For counting of the number of CFU, the mean of a maximum of four counts of the number of CFU at each time point was calculated. The antimycobacterial activity (EBA according to the number of CFU [EBACFU]) over different time intervals during the 14 study days was determined for each individual using the following formula and averaged per treatment group: log10 number of CFU on day x − log10 number of CFU on day y)/(y − x).
TTP was measured at each time point, and the two pretreatment TTP values were averaged into a single baseline result. The traditional EBA according to the TTP (EBATTP) was calculated in a fashion analogous to that used for EBACFU. Repeated-measures EBACFU and EBATTP were calculated by modeling the log10 number of CFU per milliliter as a function of the treatment arm, time (number of days on treatment), a random subject effect, and a treatment arm-by-day interaction effect. SAS software (version 9.2; SAS, Cary, NC) was used for statistical calculations.
Noncompartmental analysis (NCA) of the PK parameters was performed using Phoenix WinNonlin software (version 6.4; Pharsight, St. Louis, MO) supplemented by JMP statistical software (version 10.0; SAS, Cary, NC).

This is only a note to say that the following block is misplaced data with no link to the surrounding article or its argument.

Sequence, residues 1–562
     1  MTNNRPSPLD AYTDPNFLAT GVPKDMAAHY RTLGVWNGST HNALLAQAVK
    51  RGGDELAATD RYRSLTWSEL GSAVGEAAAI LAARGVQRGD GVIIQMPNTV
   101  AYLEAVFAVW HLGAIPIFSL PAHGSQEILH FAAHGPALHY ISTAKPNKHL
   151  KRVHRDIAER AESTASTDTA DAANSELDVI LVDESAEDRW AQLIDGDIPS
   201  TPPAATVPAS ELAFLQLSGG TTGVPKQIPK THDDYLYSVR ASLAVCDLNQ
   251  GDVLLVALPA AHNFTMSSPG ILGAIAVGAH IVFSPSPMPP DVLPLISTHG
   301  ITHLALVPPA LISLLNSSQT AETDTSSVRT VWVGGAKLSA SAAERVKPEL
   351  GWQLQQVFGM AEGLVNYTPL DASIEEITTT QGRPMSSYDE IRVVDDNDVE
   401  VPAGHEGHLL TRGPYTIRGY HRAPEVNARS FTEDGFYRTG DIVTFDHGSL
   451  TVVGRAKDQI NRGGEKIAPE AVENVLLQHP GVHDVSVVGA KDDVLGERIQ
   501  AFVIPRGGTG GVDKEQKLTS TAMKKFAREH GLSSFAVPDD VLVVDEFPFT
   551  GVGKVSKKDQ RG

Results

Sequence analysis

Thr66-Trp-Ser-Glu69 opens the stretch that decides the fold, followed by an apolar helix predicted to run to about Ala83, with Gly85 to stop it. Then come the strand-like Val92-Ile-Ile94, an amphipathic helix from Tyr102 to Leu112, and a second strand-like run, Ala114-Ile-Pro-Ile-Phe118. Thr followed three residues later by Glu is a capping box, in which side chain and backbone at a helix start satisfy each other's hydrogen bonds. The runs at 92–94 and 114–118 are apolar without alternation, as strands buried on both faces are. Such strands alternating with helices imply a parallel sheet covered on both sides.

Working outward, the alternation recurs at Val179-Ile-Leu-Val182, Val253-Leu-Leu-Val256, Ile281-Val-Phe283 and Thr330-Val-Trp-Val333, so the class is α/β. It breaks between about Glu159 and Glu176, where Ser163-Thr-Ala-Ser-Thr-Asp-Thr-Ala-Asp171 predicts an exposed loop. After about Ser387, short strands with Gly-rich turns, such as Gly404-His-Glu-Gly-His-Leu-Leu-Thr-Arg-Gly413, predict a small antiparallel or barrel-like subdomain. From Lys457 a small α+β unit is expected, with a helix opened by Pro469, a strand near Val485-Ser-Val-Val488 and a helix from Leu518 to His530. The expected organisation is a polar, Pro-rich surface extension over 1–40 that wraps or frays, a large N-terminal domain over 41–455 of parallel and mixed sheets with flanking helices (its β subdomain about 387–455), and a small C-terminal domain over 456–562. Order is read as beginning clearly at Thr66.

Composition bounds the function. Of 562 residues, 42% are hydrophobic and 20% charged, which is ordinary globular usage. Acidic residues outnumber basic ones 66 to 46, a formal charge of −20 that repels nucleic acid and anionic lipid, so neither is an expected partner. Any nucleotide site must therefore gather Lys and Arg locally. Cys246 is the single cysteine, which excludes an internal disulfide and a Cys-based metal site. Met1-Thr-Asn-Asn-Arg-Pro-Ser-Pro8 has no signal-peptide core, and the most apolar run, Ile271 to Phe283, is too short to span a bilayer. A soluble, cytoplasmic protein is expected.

The disposition of the patients and their baseline characteristics are summarized in Fig. 1 and Table 1, respectively. The baseline demographic, clinical, and bacteriological characteristic of the participants did not differ between study arms.
The mean sputum counts and the fall in the log10 number of CFU per milliliter of sputum over time are shown in Table 2 and illustrated in Fig. 2 (all arms) and and33 (AZD5847 arms only). The time to positivity in liquid culture is shown in Table 3 and illustrated in Fig. 4 (AZD5847 arms only). The activity of the combination isoniazid, rifampin, ethambutol, and pyrazinamide (HRZE) was 0.163 log10 CFU/ml/day (95% confidence interval [CI], 0.13, 0.19) and showed the expected magnitude and biphasic pattern, indicating that the CFU assay had a satisfactory performance and analytic sensitivity during the trial.
Use of AZD5847 at a dose of 500 mg twice daily resulted in a significant decline in the number of CFU over time (average change, 0.039 log10 CFU/ml/day; 95% CI, 0.01, 0.07 log10 CFU/ml/day; P = 0.0048). No bactericidal activity was detected at doses of AZD5847 of 500 mg once daily (mean EBA, 0.02 [95% CI, −0.01, 0.05]), 1,200 mg once daily (mean EBA, 0.02 [95% CI, −0.01, 0.05]), and 800 mg twice daily (mean EBA, 0.02 [95% CI, −0.01, 0.05]).